After Jon Stewart: Instead of cable news satire, here’s what we need from The Daily Show now

Here’s What We Need from The Daily Show Now. (Hint: It’s Not Cable News Satire.)

Here’s What We Need from The Daily Show Now. (Hint: It’s Not Cable News Satire.)

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Slate's Culture Blog
Feb. 12 2015 10:43 AM

Here’s What We Need from The Daily Show Now. (Hint: It’s Not Cable News Satire.)

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Jon Stewart in 2008.

Photo by Ethan Miller/Getty Images for Comedy Central

Jon Stewart’s announcement this week that he would be leaving The Daily Show after 16 years was greeted with the frantic, lately frequent parlor game of who should replace him as a late night host: maybe Jessica Williams, Samantha Bee, John Hodgman, Craig Ferguson, or someone else? But over The Daily Show’s run, Stewart has undergone a transformation, and not just in the color of his hair, which is still too thick to part, but now sticks up from his forehead in an all-silver hank—a silent testimonial to the exhausting, grueling nature of his daily gig. He has transformed from a comedian and entertainer into a moral authority. How do you replace that?

Willa Paskin Willa Paskin

Willa Paskin is Slate’s television critic.

There was a time in The Daily Show’s run when Jon Stewart’s ascendance as the “most trusted man in cable news” was a cause for much hand-wringing. If the jester was more reliable than the newsmen, something was broken. Well, something was broken, and it allowed the jester to become a newsman. It is now widely accepted that many informed consumers—particularly young men—get their news first and foremost from Jon Stewart, and that this is not, in fact, a bad place to get one’s news. After all, he is more dedicated to transparency, truth, entertainment, and analysis of the levels of spin that paper over and politicize seemingly every aspect of American public life than nearly any other so-called news program.

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In thinking about who should replace Stewart, it’s worth thinking about why he needs replacing at all. Stewart’s decision to leave seems entirely personal. He said on last night’s show that he is feeling “restless” and would like to eat dinner with his family, who he hears are “lovely people.” But Stewart’s announcement comes just months after his colleague Stephen Colbert finished The Colbert Report to take over for Letterman on CBS. Both men felt that now—a few months before a new presidential election kicks off in earnest—was an appropriate time to move on from gigs, by all reports, they loved. Why? I think it speaks to what they accomplished: the general humiliation of the undying buffoon that is cable news.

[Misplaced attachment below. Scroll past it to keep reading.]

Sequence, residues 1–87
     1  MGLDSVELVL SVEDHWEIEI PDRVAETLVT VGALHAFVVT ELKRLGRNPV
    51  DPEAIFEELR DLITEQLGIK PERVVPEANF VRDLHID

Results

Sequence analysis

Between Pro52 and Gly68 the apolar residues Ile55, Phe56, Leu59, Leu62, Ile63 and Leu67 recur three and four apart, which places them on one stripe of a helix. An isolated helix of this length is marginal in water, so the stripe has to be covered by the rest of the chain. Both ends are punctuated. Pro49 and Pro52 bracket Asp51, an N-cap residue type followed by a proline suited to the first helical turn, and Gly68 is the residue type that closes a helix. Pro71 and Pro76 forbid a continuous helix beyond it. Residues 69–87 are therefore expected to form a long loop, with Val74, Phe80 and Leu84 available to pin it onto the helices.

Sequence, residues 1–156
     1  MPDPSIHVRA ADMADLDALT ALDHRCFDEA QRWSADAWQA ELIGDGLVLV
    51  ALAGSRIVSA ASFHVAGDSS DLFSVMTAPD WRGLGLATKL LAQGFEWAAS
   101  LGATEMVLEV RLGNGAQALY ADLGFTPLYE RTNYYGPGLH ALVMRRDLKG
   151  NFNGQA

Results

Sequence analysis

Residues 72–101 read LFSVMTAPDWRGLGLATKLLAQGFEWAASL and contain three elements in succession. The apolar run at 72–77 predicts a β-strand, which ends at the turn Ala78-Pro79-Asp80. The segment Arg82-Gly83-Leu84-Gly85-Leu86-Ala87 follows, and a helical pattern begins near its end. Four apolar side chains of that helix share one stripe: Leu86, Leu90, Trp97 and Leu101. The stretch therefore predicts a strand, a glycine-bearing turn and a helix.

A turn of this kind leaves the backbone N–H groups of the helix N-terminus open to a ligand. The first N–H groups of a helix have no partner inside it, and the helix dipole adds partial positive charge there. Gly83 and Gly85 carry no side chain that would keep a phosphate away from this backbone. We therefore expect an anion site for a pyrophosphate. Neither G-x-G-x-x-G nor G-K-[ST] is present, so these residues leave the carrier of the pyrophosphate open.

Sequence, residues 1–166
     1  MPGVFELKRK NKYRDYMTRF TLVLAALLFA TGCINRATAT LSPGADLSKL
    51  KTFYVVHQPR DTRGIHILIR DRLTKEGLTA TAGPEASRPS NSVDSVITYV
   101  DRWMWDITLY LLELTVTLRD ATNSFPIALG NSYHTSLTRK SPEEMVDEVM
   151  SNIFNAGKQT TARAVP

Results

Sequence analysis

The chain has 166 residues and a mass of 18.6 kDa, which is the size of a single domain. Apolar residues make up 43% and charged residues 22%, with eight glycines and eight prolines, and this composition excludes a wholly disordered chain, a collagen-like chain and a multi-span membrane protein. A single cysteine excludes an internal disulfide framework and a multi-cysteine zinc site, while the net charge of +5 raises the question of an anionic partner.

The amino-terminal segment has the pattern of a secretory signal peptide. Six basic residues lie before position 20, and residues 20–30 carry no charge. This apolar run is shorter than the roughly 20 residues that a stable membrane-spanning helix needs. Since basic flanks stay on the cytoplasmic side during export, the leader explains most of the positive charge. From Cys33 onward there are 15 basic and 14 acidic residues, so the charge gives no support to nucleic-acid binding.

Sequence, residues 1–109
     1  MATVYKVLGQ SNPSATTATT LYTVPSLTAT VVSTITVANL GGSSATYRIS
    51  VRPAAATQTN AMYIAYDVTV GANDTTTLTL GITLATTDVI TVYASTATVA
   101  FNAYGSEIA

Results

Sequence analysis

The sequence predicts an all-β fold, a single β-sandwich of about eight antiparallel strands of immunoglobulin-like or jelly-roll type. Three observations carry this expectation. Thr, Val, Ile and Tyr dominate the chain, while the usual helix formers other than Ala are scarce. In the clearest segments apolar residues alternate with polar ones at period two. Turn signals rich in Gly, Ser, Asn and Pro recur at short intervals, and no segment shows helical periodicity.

Over its run, The Daily Show became a laser-sharp, hilarious, bullshit-calling, fact-checking organization dedicated, first and foremost, to exposing the hypocrisies of cable news. On the episode in which he announced his retirement, Stewart was still at it, opening with a segment that skewered Fox News for praising an authoritarian Muslim King, who is not, of course, Obama. But cable news is not the target it once was, and that is due in no small part to Stewart and Colbert and all of their descendants.

Cable news still offers up a cornucopia of idiocy nearly every single day, as The Daily Show nightly proves. Fox, in particular, remains the most public face of a certain strain of nefarious American paranoia. But cable news’ reputation is in tatters. Is there anyone, even cable news viewers themselves, who do not harbor some degree of skepticism about cable news channels, even if it is about the channels they don’t watch? Stewart’s Daily Show and its progeny have done their job almost too well. Cable news carries on—ideological, craven, and absurd as ever, but also exposed. As my colleague Chris Wade wrote in his argument that the Daily Show should be retired, Stewart’s recent sendup of Fox was “clever and damning. But on the subversive scale, it barely registered.”

American political culture remains divisive and toxic, built on controversy and distrust, but cable news is no longer the most fetid, necessary place to root all this out, just the easiest place to document it. Could any send-up of cable news, at this point, feel—or even really be—subversive? As we all continue to make wagers on who should replace Stewart, let’s think not only about selecting a very funny person with the heart of a truth-teller and the soul of a mensch, but someone keen to track down hypocrisy and stupidity in our inboxes, Facebook feeds, message boards, Twitter spats—all the digital cesspools that have, in the absence of a Jon Stewart to call them out, become more rank, unruly, and confrontational than any cable news dial.